29. 29. Alva JA, Lee GE, Escobar EE, Pyle AD (2011) Phosphatase and tensin homolog regulates the pluripotent state and lineage fate choice in human embryonic stem cells. Stem Cells 29: 1952–1962.
  30. 30. Bonaguidi MA, Wheeler MA, Shapiro JS, Stadel RP, Sun GJ, et al. (2011) In vivo clonal analysis reveals self-renewing and multipotent adult neural stem cell characteristics. Cell 145: 1142–1155.
  31. 31. Gregorian C, Nakashima J, Le Belle J, Ohab J, Kim R, et al. (2009) Pten deletion in adult neural stem/progenitor cells enhances constitutive neurogenesis. J Neurosci 29: 1874–1886.
  32. 32. Groszer M, Erickson R, Scripture-Adams DD, Dougherty JD, Le Belle J, et al. (2006) PTEN negatively regulates neural stem cell self-renewal by modulating G0–G1 cell cycle entry. Proc Natl Acad Sci U S A 103: 111–116.
  33. 33. Groszer M, Erickson R, Scripture-Adams DD, Lesche R, Trumpp A, et al. (2001) Negative regulation of neural stem/progenitor cell proliferation by the Pten tumor suppressor gene in vivo. Science 294: 2186–2189.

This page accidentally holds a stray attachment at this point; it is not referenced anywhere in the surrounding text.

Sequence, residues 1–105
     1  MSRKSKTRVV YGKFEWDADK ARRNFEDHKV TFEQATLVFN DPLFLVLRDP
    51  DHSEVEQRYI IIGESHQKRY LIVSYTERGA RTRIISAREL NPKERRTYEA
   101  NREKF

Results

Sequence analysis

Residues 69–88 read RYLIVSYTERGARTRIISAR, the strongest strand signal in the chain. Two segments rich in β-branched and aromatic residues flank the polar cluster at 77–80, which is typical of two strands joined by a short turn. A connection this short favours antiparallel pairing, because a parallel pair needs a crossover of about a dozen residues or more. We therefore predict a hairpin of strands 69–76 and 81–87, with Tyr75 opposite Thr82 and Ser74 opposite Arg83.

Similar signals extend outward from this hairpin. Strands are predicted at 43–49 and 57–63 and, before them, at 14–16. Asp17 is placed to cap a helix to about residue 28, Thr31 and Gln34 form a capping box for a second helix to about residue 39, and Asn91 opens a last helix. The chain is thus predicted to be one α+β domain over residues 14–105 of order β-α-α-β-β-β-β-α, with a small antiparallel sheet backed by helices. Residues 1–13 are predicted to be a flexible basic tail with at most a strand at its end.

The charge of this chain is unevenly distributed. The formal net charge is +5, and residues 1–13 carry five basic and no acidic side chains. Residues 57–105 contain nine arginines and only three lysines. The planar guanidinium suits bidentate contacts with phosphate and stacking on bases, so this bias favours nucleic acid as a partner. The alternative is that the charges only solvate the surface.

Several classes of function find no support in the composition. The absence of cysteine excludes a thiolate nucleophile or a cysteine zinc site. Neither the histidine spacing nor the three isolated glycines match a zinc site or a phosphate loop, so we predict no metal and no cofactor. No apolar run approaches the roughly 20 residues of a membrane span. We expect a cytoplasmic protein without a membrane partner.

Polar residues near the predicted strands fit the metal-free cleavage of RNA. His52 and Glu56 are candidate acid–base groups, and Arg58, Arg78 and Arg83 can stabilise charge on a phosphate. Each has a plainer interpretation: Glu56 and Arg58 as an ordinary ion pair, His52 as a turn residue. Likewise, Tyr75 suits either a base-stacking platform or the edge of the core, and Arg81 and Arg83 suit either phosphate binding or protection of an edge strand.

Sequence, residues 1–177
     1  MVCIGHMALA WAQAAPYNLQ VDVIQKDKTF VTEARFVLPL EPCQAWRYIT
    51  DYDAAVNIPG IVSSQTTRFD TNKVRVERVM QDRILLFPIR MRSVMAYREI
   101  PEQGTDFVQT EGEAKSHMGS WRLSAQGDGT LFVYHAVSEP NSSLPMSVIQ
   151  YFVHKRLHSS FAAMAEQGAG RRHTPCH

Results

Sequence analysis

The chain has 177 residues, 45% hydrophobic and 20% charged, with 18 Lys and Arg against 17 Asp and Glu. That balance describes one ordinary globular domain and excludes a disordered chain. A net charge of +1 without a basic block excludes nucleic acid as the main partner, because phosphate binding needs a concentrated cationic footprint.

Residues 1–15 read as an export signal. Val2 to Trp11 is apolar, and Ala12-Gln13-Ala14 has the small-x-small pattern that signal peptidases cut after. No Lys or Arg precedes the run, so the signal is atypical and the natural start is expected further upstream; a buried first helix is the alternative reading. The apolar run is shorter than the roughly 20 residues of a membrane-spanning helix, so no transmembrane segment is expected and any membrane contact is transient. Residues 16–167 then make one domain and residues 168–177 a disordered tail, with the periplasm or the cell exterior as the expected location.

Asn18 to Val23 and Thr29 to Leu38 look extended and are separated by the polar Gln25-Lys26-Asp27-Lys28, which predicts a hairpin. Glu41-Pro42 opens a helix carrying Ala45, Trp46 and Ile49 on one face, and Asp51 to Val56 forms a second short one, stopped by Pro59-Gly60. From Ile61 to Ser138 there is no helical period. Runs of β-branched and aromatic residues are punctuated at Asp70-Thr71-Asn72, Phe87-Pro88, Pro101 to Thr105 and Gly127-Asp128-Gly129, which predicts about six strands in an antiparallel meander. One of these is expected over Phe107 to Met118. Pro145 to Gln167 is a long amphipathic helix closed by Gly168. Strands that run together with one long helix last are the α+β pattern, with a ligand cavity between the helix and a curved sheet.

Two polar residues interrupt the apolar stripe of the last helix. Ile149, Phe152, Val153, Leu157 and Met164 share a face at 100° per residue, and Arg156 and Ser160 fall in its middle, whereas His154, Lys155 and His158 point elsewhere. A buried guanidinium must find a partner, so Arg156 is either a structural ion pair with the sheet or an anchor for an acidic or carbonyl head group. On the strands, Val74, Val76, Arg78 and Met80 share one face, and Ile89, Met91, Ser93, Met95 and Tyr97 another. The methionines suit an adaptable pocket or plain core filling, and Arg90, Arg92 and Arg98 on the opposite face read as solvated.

34. 34. Yilmaz OH, Valdez R, Theisen BK, Guo W, Ferguson DO, et al. (2006) Pten dependence distinguishes haematopoietic stem cells from leukaemia-initiating cells. Nature 441: 475–482.
  35. 35. Zhang J, Grindley JC, Yin T, Jayasinghe S, He XC, et al. (2006) PTEN maintains haematopoietic stem cells and acts in lineage choice and leukaemia prevention. Nature 441: 518–522.
  36. 36. Puig I, Champeval D, De Santa Barbara P, Jaubert F, Lyonnet S, et al. (2009) Deletion of Pten in the mouse enteric nervous system induces ganglioneuromatosis and mimics intestinal pseudoobstruction. J Clin Invest 119: 3586–3596.
  37. 37. Vazquez F, Ramaswamy S, Nakamura N, Sellers WR (2000) Phosphorylation of the PTEN tail regulates protein stability and function. Mol Cell Biol 20: 5010–5018.
  38. 38. Anitha M, Vijay-Kumar M, Sitaraman SV, Gewirtz AT, Srinivasan S (2012) Gut microbial products regulate murine gastrointestinal motility via Toll-like receptor 4 signaling. Gastroenterology 143: 1006–1016 e1004.
  39. 39. Druckenbrod NR, Powers PA, Bartley CR, Walker JW, Epstein ML (2008) Targeting of endothelin receptor-B to the neural crest. Genesis 46: 396–400.